Barack Obama
Nov. 3, 2010

It has been nearly a month since Barack Obama uttered those words.

It was the day after the midterm election that resulted in the largest shift in House seats since Pearl Harbor, and the president seemed humbled by the experience ("some election nights are more fun than others. Some are exhilarating; some are humbling. But every election ... is a reminder that ... power rests not with those of us in elected office but with the people we have the privilege to serve").

But, while he acknowledged that Americans "expect Washington to work for them, not against them" and said the message was that the people wanted their leaders to find common ground, he was almost defiant in his insistence on focusing on areas where he and the members of his party have shown the least inclination to compromise.

In yesterday's Washington Post, House Speaker–to–be John Boehner and Senate Minority Leader Mitch McConnell assured readers that, when they met with Obama, "all of us will have an opportunity to show the American people that we got [that] message."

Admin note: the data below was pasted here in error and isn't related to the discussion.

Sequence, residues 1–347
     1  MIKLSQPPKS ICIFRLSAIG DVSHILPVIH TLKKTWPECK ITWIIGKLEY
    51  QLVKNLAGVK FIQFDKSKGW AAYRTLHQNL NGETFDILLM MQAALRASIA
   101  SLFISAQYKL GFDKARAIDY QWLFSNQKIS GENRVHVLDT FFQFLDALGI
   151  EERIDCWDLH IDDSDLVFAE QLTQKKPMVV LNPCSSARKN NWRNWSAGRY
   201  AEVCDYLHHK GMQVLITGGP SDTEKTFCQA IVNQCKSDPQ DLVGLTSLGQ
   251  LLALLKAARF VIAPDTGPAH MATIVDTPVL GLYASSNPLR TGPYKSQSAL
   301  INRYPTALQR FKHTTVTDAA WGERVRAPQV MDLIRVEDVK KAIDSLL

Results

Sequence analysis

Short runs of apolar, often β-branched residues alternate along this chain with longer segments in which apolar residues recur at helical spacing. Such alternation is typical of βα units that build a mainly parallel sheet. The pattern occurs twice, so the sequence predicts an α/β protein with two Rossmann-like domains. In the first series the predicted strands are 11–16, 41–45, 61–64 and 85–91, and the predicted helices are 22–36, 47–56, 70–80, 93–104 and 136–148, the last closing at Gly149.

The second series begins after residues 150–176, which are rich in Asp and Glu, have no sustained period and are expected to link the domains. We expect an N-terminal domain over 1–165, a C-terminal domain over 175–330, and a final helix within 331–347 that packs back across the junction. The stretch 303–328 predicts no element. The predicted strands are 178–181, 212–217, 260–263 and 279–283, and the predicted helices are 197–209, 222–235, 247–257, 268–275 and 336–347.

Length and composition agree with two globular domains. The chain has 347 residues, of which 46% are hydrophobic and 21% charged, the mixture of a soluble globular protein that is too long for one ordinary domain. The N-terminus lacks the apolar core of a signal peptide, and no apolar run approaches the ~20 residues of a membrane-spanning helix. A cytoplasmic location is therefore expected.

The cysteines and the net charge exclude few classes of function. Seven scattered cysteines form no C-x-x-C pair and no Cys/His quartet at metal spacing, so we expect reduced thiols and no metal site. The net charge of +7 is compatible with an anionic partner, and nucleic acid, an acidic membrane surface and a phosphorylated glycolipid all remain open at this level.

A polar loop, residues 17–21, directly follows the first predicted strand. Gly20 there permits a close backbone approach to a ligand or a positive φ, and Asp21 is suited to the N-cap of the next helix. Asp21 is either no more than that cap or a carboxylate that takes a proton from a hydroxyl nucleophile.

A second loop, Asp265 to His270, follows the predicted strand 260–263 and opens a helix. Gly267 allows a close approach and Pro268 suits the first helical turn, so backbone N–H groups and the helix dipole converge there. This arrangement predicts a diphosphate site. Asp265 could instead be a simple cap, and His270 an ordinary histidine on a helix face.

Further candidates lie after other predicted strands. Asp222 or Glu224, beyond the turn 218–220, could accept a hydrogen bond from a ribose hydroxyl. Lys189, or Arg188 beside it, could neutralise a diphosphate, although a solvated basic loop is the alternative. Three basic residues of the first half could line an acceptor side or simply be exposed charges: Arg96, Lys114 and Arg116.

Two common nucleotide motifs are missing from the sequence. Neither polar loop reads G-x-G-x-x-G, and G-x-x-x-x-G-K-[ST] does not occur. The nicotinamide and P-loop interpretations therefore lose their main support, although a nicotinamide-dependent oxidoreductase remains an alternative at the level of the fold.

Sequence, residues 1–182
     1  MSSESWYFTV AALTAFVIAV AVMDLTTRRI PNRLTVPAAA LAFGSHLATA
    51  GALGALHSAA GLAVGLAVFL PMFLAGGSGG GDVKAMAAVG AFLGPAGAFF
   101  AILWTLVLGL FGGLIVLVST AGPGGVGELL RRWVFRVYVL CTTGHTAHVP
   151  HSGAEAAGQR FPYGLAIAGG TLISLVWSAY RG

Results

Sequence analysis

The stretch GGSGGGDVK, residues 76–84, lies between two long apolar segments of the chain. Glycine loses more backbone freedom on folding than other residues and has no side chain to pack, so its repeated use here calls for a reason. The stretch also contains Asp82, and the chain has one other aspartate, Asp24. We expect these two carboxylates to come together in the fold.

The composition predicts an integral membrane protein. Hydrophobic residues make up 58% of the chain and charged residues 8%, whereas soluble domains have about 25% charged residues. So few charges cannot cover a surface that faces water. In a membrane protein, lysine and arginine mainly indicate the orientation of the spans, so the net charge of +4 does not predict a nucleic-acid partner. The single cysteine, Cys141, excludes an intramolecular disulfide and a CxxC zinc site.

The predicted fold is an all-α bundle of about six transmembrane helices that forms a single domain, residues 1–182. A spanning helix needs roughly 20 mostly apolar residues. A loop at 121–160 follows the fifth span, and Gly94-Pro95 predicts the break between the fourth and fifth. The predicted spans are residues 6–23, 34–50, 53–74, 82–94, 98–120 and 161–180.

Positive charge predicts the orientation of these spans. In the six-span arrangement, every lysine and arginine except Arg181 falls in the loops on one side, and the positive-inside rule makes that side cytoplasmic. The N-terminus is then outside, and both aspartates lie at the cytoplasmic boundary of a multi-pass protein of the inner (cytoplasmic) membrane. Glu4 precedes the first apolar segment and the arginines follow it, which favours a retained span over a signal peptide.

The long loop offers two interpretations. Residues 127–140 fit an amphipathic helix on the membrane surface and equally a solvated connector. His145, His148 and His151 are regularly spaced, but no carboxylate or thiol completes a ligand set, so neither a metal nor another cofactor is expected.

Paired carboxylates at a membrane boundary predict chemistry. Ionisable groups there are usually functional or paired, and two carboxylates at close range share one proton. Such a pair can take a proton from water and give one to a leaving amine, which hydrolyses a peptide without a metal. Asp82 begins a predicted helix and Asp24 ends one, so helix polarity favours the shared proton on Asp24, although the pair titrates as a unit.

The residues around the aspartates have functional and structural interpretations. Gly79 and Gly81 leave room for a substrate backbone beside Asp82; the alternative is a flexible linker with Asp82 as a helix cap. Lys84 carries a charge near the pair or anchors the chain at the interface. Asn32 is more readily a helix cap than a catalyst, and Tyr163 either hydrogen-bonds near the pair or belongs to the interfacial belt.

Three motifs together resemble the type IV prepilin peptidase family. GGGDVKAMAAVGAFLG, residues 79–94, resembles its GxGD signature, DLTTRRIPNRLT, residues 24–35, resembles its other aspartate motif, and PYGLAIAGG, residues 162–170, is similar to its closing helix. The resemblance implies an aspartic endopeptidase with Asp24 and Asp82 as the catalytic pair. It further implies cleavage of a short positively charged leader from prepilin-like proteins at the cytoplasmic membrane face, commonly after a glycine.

And, before Tuesday's meeting with congressional leaders, Obama, too, sounded more conciliatory, pledging to reach out more to the opposition.

But, while they all talked the talk about seeking common ground, no one walked the walk — yet.

And Republicans continued to be the Party of No, defeating an extension of jobless benefits. I really do not think that is what the voters were voting for, and I think it will be interesting to see what happens when millions of Americans suddenly lose those benefits.